Philosophy 202 - 11.1.2 Mohism in China

Roughly 8,000 miles east of the birthplace of The Republic, a group of thinkers called Mohists were engaged in similar conversations about justice and governance. Mohism arose during China’s Warring States era (481–221 BCE), a period of great social upheaval. Though this conflict was eventually resolved by the unification of the central states and the establishment of the Qin dynasty, the constant shifting of political boundaries led to a massive exchange of cultural, economic, and intellectual information. For this reason, this era is also known as the “‘hundred schools’ of thought” period (Fraser 2020, xi). The chapter on normative moral theory discusses the central tenets of Mohist thought; this section will examine its political ideals.

The Book of Mozi

The central tenets of Mohism can be found in the Mozi, an important text in Chinese philosophy. Compiled by followers of the teacher and reformer Mo Di, or Mozi (470–391 BCE), the Mozi explores a range of topics, including logic, economics, science, and political and ethical theory. Like Plato’s Republic, the Mozi explores what constitutes virtuous behavior and arrives at ideas of universal love and benevolence. Mohists evaluate behavior according to how well it benefits others. Governance should focus on how best to promote social welfare. The morality of an action or policy is determined by its outcome. According to the Mozi, aggression and injury to others, even in military operations, should be opposed.

Connections

The chapter on normative moral theory covers consequentialism in greater detail.

The Mohist Ruler in China

The Mohists believed that individuals are essentially good and want to do what is morally right, but they often lack an understanding of moral norms. Therefore, a virtuous and benevolent ruler is necessary to provide a standard of moral education and behavior. The Mozi describes social disorder in antiquity:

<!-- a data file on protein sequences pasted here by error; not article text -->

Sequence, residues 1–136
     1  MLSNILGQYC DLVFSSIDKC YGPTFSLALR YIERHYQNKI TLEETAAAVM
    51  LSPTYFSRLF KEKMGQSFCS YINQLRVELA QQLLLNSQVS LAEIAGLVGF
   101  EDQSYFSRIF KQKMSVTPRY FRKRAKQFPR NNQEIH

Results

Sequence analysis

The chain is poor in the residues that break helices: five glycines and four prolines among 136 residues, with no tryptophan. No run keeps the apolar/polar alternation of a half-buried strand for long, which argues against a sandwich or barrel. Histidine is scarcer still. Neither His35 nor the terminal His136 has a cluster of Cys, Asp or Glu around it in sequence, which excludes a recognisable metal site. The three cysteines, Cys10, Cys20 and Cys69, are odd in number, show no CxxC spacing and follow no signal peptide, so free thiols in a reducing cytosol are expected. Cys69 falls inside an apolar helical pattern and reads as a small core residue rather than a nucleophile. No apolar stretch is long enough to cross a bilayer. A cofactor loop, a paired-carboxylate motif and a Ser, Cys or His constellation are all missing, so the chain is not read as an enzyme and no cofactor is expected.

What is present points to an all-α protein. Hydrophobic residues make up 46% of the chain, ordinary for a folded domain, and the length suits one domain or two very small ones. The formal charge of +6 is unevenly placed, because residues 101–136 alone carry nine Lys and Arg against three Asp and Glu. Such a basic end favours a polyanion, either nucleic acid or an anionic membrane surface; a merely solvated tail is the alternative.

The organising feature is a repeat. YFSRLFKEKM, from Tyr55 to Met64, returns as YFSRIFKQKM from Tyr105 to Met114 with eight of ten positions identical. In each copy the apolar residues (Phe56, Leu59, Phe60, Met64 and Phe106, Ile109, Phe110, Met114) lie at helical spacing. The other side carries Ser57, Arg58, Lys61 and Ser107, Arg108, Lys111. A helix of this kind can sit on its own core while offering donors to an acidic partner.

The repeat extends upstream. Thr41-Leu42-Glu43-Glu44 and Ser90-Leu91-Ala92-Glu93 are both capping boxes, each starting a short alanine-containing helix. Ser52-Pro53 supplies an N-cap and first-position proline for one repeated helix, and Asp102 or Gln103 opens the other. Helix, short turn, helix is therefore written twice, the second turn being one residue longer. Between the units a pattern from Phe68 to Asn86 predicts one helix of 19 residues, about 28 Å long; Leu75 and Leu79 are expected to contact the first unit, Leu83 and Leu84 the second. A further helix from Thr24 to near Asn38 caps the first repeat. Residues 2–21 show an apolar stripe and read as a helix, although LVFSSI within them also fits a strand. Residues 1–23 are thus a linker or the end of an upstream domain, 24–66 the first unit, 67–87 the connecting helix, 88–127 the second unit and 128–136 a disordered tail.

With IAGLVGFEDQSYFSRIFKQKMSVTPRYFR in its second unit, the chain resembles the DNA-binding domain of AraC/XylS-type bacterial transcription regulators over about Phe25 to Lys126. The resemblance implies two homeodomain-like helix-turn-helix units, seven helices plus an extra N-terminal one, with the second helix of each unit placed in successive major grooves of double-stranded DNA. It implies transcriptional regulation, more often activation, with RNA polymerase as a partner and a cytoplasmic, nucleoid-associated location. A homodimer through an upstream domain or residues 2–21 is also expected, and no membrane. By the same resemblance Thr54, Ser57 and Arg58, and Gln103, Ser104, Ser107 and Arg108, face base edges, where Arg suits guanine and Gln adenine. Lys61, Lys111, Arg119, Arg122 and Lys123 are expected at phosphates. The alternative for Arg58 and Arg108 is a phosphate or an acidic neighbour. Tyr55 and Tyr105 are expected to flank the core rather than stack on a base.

In the beginning of human life, when there was yet no law and government, the custom was “everybody according to his own idea.” Accordingly each man had his own idea, two men had two different ideas and ten men had ten different ideas—the more people the more different notions. And everybody approved of his own view and disapproved the views of others, and so arose mutual disapproval among men. (Mozi n.d., I.1)

To combat this disorder and establish a form of peaceful cooperation, it became necessary to identify a ruler. Thus, “Heaven” chose a sage ruler, “crown[ing] him emperor” and “charging him with the duty of unifying the wills in the empire” (Mozi n.d., II.2).

The sage ruler in turn chose three wise ministers to help him. However, they realized “the difficulty of unifying all the peoples in mountains and woods and those far distant,” so they further divided the empire and appointed feudal lords as local rulers, who in turn chose “ministers and secretaries and all the way down to the heads of districts and villages, sharing with them the duty of unifying the standards in the state” (Mozi n.d., II.2). Once this governmental hierarchy was established, the ruler issued an edict to the people to report moral misconduct among both the citizenry and the leaders. In this way, the Mozi says, people would behave judiciously and act in good character.

In the Warring States period, Mohism competed with Confucianism. With the rise of the Qin and Imperial dynasties that followed, it declined, although many of its tenets were absorbed into Confucianism, whose influence in China lasted over 2,000 years.

The content of this course has been taken from the free Philosophy textbook by Openstax